Hi Steve, welcome back! Congrats on your new book. Can you please tell us about your inspiration behind writing Workquake?
I feel the current model of work and the current frameworks of work are fundamentally broken and that we need to build a new one. The expectation that you stay in a company a long time and commit and the company commits to employ you for a long time is simply not mapping to the realities of today. Further, I think too much of the narrative about the future of work is gloom and doom: “the robots are coming to replace you.” Both parties in the employment contract are frustrated, and so I set out to forge a new model that is more inspiring and motivating for both parties.
Oh wow, where do I even start? If I were to identify, the most significant shifts in work culture have been the advent of the internet, email and now mobile technology. These three have combined to impact how we collaborate and communicate, how much we can work, where we can work and when we work. That is super powerful. I think communication is at the core of how an organization performs, and these three massive elements have shaped communication in both positive and unconstructive ways. Currently, I am very concerned that we have created a reality where people can never fully turn off, and I don’t know many firms who are intentional in helping their employees turn off, recharge and think. We are becoming victims of the tech we have built more than people who are finding more purpose and meaning through these tools. As far as AI – I am not really qualified to comment on that as well as some others. To me, the future of work is about being more human – and if we are going to be seduced to see tech to solve our future, I believe we are looking at the future the wrong way.
The greatest gift the pandemic gave us is the gift of greater connection. We have all learned more about our co-workers as people. We have seen the insides of each other’s homes, and we have learned about the challenges and realities our co-workers face like never before. I believe this will create greater bonds. If you ask any CEO what are the most critical skills in the future – its adaptability and agility and my goodness, haven’t we all built that skill during the pandemic? In more ways than once.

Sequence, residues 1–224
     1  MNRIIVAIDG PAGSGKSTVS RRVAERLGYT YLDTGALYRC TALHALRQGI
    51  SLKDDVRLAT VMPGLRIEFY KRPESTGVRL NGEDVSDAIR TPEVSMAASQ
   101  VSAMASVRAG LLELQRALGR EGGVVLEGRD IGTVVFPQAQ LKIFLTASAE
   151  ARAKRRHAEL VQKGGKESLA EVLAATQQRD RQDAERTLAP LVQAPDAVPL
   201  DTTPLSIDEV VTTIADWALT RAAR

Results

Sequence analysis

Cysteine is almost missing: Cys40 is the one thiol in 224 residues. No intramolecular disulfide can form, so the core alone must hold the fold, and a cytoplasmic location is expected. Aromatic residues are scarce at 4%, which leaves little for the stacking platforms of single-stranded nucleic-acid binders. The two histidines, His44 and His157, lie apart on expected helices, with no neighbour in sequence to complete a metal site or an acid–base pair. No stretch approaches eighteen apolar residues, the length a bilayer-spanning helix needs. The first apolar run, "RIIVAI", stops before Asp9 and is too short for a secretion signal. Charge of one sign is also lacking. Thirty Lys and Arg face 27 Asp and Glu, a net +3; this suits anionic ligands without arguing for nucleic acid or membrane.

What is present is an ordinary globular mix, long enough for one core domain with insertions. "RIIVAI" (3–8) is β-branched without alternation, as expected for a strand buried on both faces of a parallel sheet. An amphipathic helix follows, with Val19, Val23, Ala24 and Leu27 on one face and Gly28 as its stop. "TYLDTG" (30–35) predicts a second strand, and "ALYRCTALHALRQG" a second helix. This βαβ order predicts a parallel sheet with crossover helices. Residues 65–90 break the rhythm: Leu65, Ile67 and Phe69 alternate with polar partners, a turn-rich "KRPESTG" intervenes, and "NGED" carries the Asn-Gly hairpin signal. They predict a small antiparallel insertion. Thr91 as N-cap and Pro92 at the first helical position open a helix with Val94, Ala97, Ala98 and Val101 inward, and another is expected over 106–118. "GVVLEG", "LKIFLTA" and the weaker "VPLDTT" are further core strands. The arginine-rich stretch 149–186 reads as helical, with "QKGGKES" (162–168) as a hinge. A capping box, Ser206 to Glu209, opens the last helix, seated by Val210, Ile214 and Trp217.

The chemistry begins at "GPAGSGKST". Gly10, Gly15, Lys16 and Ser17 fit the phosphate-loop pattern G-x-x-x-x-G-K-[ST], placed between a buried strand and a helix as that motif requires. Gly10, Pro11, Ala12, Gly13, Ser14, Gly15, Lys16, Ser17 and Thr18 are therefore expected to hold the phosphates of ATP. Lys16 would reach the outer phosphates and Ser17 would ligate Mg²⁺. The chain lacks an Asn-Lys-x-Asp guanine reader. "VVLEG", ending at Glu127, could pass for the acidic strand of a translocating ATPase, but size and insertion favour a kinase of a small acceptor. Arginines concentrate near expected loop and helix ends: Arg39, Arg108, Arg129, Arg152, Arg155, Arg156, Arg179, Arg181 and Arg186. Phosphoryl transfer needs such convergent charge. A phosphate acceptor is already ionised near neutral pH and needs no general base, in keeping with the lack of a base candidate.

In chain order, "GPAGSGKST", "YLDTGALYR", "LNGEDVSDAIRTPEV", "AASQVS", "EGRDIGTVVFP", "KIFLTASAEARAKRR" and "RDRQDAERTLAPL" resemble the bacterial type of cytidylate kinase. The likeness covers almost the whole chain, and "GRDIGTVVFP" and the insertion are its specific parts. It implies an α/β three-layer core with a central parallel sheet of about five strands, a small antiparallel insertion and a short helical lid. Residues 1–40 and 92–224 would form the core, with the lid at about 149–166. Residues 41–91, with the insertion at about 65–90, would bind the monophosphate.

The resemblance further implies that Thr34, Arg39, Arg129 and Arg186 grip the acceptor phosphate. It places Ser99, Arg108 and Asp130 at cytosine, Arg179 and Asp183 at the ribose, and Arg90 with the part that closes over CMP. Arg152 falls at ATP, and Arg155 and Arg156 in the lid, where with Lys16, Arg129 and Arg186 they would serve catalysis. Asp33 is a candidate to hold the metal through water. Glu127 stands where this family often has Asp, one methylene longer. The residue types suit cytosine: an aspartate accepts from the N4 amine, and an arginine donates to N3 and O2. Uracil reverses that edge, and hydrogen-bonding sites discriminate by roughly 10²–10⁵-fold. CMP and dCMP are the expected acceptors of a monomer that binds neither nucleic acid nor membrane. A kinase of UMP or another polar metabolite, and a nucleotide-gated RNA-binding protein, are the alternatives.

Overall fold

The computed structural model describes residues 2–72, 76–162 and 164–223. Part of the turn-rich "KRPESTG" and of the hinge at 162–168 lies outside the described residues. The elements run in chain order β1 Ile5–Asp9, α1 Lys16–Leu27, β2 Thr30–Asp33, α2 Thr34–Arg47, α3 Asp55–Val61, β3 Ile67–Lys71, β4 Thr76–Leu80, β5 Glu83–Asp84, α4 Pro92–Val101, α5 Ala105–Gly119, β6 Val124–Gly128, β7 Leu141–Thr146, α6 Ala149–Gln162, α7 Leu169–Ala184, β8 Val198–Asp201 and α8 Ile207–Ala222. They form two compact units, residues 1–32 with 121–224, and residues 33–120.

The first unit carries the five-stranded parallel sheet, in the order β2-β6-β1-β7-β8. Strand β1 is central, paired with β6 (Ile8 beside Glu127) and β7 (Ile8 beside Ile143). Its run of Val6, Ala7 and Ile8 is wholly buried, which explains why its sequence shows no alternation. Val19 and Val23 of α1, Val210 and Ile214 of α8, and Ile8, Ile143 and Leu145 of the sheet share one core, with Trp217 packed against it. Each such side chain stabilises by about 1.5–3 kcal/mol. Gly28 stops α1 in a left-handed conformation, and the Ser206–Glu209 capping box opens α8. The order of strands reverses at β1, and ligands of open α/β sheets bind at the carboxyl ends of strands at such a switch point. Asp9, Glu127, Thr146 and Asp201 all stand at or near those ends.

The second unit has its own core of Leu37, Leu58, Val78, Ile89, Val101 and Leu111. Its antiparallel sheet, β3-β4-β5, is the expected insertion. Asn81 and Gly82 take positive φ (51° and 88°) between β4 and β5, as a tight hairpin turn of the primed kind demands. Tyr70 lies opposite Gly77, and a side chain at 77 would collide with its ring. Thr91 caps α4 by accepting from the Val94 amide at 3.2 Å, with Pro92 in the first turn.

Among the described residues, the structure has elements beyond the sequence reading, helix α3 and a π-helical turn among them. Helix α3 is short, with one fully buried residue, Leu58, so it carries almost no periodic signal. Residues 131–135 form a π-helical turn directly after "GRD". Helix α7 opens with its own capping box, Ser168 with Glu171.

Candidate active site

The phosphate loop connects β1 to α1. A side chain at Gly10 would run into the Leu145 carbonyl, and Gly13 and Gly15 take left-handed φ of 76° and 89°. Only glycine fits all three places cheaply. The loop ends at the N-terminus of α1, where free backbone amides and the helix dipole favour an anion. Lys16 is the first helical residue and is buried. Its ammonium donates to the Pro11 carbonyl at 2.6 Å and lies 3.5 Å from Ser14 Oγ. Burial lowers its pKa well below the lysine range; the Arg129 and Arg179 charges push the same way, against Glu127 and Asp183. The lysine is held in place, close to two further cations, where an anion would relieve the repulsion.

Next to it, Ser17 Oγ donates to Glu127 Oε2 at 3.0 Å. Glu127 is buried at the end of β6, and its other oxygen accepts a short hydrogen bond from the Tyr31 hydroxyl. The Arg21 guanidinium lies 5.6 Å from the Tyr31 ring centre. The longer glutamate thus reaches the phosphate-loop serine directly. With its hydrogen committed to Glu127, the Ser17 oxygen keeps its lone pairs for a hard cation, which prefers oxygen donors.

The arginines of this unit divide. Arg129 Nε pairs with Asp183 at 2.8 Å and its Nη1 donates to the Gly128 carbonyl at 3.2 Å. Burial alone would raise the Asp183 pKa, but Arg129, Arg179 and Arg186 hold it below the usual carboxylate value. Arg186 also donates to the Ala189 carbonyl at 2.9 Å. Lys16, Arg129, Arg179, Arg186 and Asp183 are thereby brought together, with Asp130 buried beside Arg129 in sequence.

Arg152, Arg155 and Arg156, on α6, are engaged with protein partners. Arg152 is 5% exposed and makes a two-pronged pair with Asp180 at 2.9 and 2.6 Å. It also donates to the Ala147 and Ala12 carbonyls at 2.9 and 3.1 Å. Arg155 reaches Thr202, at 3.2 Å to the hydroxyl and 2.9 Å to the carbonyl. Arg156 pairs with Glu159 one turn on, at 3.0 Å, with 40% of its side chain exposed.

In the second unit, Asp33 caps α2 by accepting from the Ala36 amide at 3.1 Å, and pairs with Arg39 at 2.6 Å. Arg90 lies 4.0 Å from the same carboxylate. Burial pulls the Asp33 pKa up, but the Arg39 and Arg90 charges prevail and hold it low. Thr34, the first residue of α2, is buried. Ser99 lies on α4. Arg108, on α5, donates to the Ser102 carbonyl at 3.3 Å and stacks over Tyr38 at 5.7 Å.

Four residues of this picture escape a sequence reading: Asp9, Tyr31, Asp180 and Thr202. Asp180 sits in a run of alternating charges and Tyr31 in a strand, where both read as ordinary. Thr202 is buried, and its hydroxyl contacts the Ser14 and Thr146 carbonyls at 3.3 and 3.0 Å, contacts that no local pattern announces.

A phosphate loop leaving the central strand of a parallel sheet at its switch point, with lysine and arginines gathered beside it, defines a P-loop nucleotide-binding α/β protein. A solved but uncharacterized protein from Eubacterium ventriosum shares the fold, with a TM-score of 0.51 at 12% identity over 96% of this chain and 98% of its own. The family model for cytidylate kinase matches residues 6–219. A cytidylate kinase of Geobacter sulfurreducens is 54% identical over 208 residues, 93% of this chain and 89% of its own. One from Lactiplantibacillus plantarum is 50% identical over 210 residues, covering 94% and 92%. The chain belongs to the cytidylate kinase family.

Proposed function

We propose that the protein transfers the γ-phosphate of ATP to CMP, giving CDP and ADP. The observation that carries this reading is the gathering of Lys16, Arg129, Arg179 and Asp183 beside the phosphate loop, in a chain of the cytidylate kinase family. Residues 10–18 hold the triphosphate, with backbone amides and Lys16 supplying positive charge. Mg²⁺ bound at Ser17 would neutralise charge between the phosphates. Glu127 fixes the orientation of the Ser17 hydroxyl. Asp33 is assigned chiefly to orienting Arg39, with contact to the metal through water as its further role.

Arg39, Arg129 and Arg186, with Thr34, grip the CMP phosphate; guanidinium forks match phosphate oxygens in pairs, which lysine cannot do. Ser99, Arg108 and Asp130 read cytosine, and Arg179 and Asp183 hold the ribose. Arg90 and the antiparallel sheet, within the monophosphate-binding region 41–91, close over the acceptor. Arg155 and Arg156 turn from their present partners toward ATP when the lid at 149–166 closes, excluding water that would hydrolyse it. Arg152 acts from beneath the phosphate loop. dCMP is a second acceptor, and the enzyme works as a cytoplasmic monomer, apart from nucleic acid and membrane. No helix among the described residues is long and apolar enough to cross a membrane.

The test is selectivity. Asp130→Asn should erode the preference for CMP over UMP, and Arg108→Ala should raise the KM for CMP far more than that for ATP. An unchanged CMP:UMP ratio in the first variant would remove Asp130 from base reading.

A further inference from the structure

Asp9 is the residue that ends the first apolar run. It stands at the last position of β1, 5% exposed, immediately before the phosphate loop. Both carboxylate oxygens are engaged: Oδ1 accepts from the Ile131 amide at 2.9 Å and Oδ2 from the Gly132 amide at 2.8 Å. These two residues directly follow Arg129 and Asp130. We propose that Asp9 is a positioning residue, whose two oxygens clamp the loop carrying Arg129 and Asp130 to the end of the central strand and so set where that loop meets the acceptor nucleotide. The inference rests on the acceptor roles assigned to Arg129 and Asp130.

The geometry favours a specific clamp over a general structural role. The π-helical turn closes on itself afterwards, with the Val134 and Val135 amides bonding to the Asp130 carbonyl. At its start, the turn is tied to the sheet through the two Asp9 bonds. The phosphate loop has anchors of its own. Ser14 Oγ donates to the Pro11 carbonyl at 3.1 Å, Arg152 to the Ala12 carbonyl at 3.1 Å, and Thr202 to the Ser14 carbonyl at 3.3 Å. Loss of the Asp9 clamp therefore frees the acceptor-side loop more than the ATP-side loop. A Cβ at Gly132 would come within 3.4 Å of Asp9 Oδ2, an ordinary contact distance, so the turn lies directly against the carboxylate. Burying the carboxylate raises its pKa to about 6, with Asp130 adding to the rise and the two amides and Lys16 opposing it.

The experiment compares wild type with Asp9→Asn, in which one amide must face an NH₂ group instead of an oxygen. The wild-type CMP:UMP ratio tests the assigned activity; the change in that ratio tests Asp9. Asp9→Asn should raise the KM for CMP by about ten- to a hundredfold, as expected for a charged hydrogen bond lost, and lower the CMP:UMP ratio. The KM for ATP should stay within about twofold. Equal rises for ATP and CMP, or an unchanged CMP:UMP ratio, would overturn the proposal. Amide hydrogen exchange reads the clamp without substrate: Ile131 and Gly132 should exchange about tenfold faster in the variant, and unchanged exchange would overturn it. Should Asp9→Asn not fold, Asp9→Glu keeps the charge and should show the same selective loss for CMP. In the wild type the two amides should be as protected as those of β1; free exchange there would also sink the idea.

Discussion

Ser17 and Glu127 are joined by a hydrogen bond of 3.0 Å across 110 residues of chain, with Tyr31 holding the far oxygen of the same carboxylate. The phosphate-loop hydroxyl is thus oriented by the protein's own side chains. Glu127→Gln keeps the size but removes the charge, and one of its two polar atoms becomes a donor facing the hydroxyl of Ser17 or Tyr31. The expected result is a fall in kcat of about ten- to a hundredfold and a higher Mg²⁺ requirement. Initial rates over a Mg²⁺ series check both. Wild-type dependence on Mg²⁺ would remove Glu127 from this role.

I also think at a very fundamental level, the pandemic has put all of us in a position to look at our lives and our circumstances and become clear on who we are and what is important in our lives. Many have already changed jobs, careers, and many have moved to new locations loving the work from home reality. We are going to see the biggest career migration in history in the next few years because everyone has just seen the world from a new perspective and I think this will be enormously healthy. I also don’t believe large organizations are prepared for what’s about to happen, but I do think when it settles, job satisfaction and engagement will rise because for many – they had time to think about where they want to be.
Well, listen, I am not sure I can say that it’s more important than ever not to separate work and life. That is a personal choice that we all should have the ability to make. What I think the pandemic has delivered to us is a lesson on how we can integrate the two better possibly. And I am hopeful we will continue to learn and find ways of finding joy in work and family. I have worked from home for ten years. I love it, and I love going to get a haircut or do grocery shopping anytime. I don’t have to be in stores during busy times on the weekend – I can pick times that work for my life, and I am very grateful for that freedom. I love cooking for my family, and I learned so many new recipes this past 16 months as life slowed and work slowed, allowing me the time to try new things. What I believe happened for many people is they awoke to realize all the time they were away from their families, they are not willing to give it up now. We do not know how this will play out, but I am an optimist, and hopefully, good things will result.
I think we need to speak of change differently. We need to not talk about it as something that is external or something that is an event. Change is life. Step back and think for a second – every job in the world is a job that is managing change. We want to improve this, or we want to open a new market or build something new or make something perform differently. Every job is a change management job – that is what life is – we are all changing as humans, and our bodies are changing, and the world around us is changing – nature is in a state of constant change. But we have to be honest that we, as humans, are a paradox. We want two things that are at odds: we want to be safe, but we want adventure. We want stability, but we want to be promoted. We want a life partner who will be loyal and faithful, but we want spontaneity and new joys. We are complicated, and yet we sometimes fail to recognize it. Carol Dweck, who is the godmother of the term growth mindset, said it well. When your brain is hurting, and you are working on something new and challenging, and it feels hard – that is the signal that you are growing! I love how she captured that – she changed the notion of pain into the notion of growth. What has helped me help other leaders is to help them learn to talk about changes in their organizations with their teams FIRST by explaining to their teams how the change will be better for them, how their impact will improve and how they will benefit. Too often, organizations skip this step and only talk about how cool the new technology is. I could go on for a long time on this topic—clearly, it’s not easy, which is why so many “change initiatives” fail.